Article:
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In situ, satellite measurement and model evidence on the dominant regional contribution to fine particulate matter levels in the Paris megacity

Matthias Beekmann 1 A.S.H. Prévôt 2 F Drewnick 3 J Sciare 4, 5 N Pandis 6 H.A.C. Denier van Der Gon 7 M Crippa 8 F Freutel 3 L Poulain 9 V Ghersi 10 E Rodriguez 11 S Beirle 3 P Zotter 8 S.-L von Der Weiden-Reinmüller 3 M Bressi 4 C Fountoukis 12 H Petetin 1, 10 S Szidat 13 Johannes Schneider 3 A Rosso 10 I El Haddad 8 A Megaritis 12 Qj Zhang 14, 1 V Michoud 15, 1 J. G. Slowik 8 S Moukhtar 10 P Kolmonen 11 A Stohl 16 S Eckhardt 16 A. Borbon 1 V. Gros 4, 5 Nicolas Marchand 17 J.-L. Jaffrezo 18 Alfons Schwarzenboeck 19 A Colomb 1, 19 A Wiedensohler 9 S Borrmann 20, 3 M Lawrence 3 A Baklanov 21 U Baltensperger 8 
Abstract : Published by Copernicus Publications on behalf of the European Geosciences Union. 9578 M. Beekmann et al.: Evidence for a dominant regional contribution to fine particulate matter levels Abstract. A detailed characterization of air quality in the megacity of Paris (France) during two 1-month intensive campaigns and from additional 1-year observations revealed that about 70 % of the urban background fine particulate matter (PM) is transported on average into the megacity from upwind regions. This dominant influence of regional sources was confirmed by in situ measurements during short intensive and longer-term campaigns, aerosol optical depth (AOD) measurements from ENVISAT, and modeling results from PMCAMx and CHIMERE chemistry transport models. While advection of sulfate is well documented for other megacities, there was surprisingly high contribution from long-range transport for both nitrate and organic aerosol. The origin of organic PM was investigated by comprehensive analysis of aerosol mass spectrometer (AMS), radio-carbon and tracer measurements during two intensive campaigns. Primary fossil fuel combustion emissions constituted less than 20 % in winter and 40 % in summer of carbonaceous fine PM, unexpectedly small for a megacity. Cooking activities and, during winter, residential wood burning are the major primary organic PM sources. This analysis suggests that the major part of secondary organic aerosol is of modern origin , i.e., from biogenic precursors and from wood burning. Black carbon concentrations are on the lower end of values encountered in megacities worldwide, but still represent an issue for air quality. These comparatively low air pollution levels are due to a combination of low emissions per inhabitant , flat terrain, and a meteorology that is in general not conducive to local pollution build-up. This revised picture of a megacity only being partially responsible for its own average and peak PM levels has important implications for air pollution regulation policies.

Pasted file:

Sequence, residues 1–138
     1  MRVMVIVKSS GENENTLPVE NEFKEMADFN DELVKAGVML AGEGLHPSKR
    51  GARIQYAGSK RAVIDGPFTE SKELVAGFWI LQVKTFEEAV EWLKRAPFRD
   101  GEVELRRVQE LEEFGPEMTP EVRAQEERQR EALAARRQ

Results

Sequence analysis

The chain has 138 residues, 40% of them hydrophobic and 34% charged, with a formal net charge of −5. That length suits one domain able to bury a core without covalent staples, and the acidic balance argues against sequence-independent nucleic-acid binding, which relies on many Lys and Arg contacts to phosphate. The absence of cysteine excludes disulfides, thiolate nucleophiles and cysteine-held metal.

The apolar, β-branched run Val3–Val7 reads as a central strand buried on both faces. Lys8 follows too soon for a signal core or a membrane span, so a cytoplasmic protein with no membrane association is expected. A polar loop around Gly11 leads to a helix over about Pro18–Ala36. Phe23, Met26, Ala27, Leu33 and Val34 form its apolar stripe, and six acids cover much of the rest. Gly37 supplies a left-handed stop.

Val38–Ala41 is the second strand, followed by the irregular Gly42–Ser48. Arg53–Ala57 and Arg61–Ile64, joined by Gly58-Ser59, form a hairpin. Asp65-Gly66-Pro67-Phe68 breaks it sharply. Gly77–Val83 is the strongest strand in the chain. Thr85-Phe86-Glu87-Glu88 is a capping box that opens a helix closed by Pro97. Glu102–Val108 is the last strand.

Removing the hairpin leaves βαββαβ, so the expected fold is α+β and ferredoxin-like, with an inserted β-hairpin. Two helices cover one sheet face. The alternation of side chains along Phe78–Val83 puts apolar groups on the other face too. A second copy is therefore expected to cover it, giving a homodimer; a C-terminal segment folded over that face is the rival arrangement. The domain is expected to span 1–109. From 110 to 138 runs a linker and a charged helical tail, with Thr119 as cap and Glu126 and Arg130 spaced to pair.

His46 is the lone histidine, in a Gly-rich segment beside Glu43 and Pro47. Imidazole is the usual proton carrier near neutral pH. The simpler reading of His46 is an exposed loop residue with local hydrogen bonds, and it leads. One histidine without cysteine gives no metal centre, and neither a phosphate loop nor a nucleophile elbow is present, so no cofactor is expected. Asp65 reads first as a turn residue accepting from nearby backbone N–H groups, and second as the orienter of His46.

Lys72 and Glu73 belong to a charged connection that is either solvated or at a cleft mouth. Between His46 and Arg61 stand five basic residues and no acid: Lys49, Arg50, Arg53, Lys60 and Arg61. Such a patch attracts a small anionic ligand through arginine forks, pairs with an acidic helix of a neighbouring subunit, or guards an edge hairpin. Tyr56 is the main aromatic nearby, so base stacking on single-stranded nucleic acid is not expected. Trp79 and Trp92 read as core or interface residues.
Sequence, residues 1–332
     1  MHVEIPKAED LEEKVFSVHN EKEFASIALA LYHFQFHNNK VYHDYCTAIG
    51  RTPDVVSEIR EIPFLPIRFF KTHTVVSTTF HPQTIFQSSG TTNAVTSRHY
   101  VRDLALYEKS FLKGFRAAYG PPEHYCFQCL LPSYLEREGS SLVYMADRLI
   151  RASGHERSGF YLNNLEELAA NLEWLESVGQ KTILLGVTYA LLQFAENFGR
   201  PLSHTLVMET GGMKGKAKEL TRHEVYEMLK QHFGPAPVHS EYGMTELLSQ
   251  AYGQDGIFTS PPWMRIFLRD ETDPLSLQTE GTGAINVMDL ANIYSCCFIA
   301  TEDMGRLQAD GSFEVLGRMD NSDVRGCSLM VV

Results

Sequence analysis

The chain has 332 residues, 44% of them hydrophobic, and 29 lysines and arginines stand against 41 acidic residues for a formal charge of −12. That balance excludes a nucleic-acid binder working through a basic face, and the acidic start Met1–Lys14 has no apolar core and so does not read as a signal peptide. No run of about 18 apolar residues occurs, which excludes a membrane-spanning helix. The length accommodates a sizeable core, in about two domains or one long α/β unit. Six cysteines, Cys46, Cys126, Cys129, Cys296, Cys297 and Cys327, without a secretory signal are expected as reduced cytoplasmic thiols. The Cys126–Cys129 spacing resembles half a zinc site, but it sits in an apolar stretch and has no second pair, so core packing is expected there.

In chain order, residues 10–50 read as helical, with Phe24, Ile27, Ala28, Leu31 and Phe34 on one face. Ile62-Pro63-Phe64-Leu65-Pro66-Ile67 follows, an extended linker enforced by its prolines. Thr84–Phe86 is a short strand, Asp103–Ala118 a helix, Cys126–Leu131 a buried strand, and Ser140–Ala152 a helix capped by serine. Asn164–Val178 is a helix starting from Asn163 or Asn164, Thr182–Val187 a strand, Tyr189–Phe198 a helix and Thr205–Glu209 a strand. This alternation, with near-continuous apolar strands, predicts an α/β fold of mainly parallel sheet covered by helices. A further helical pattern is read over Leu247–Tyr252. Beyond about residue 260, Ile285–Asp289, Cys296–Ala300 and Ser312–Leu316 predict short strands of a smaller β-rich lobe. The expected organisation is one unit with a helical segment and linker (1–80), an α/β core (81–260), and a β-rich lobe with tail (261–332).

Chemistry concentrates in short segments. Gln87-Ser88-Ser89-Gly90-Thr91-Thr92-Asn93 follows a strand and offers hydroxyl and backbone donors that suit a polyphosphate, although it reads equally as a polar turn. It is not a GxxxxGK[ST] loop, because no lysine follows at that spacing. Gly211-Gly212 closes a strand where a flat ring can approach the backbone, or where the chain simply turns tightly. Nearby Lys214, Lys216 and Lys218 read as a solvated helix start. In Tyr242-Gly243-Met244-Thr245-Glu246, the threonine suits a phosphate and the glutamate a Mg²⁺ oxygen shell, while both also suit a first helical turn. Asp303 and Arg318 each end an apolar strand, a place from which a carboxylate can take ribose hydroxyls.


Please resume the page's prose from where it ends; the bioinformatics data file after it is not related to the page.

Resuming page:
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Matthias Beekmann, A.S.H. Prévôt, F Drewnick, J Sciare, N Pandis, et al.. In situ, satellite measurement and model evidence on the dominant regional contribution to fine particulate matter levels in the Paris megacity. Atmospheric Chemistry and Physics, European Geosciences Union, 2015, 15 (16), pp.9577-9591. ⟨10.5194/acp-15-9577-2015⟩. ⟨insu-01285053⟩



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